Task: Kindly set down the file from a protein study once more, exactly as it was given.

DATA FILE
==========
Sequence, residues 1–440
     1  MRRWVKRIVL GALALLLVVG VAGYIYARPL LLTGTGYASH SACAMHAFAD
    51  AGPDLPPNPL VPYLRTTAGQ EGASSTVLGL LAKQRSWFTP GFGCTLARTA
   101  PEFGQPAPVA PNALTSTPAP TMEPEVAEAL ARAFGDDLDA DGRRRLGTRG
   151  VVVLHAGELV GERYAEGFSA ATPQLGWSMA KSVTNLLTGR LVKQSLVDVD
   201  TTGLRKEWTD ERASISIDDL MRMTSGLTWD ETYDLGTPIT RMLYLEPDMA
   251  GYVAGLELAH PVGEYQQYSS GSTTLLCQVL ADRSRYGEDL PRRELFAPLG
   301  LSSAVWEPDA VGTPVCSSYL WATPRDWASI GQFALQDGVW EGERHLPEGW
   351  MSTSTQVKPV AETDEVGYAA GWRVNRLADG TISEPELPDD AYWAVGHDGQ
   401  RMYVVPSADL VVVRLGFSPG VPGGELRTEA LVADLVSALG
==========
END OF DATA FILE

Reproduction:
Sequence, residues 1–440
     1  MRRWVKRIVL GALALLLVVG VAGYIYARPL LLTGTGYASH SACAMHAFAD
    51  AGPDLPPNPL VPYLRTTAGQ EGASSTVLGL LAKQRSWFTP GFGCTLARTA
   101  PEFGQPAPVA PNALTSTPAP TMEPEVAEAL ARAFGDDLDA DGRRRLGTRG
   151  VVVLHAGELV GERYAEGFSA ATPQLGWSMA KSVTNLLTGR LVKQSLVDVD
   201  TTGLRKEWTD ERASISIDDL MRMTSGLTWD ETYDLGTPIT RMLYLEPDMA
   251  GYVAGLELAH PVGEYQQYSS GSTTLLCQVL ADRSRYGEDL PRRELFAPLG
   301  LSSAVWEPDA VGTPVCSSYL WATPRDWASI GQFALQDGVW EGERHLPEGW
   351  MSTSTQVKPV AETDEVGYAA GWRVNRLADG TISEPELPDD AYWAVGHDGQ
   401  RMYVVPSADL VVVRLGFSPG VPGGELRTEA LVADLVSALG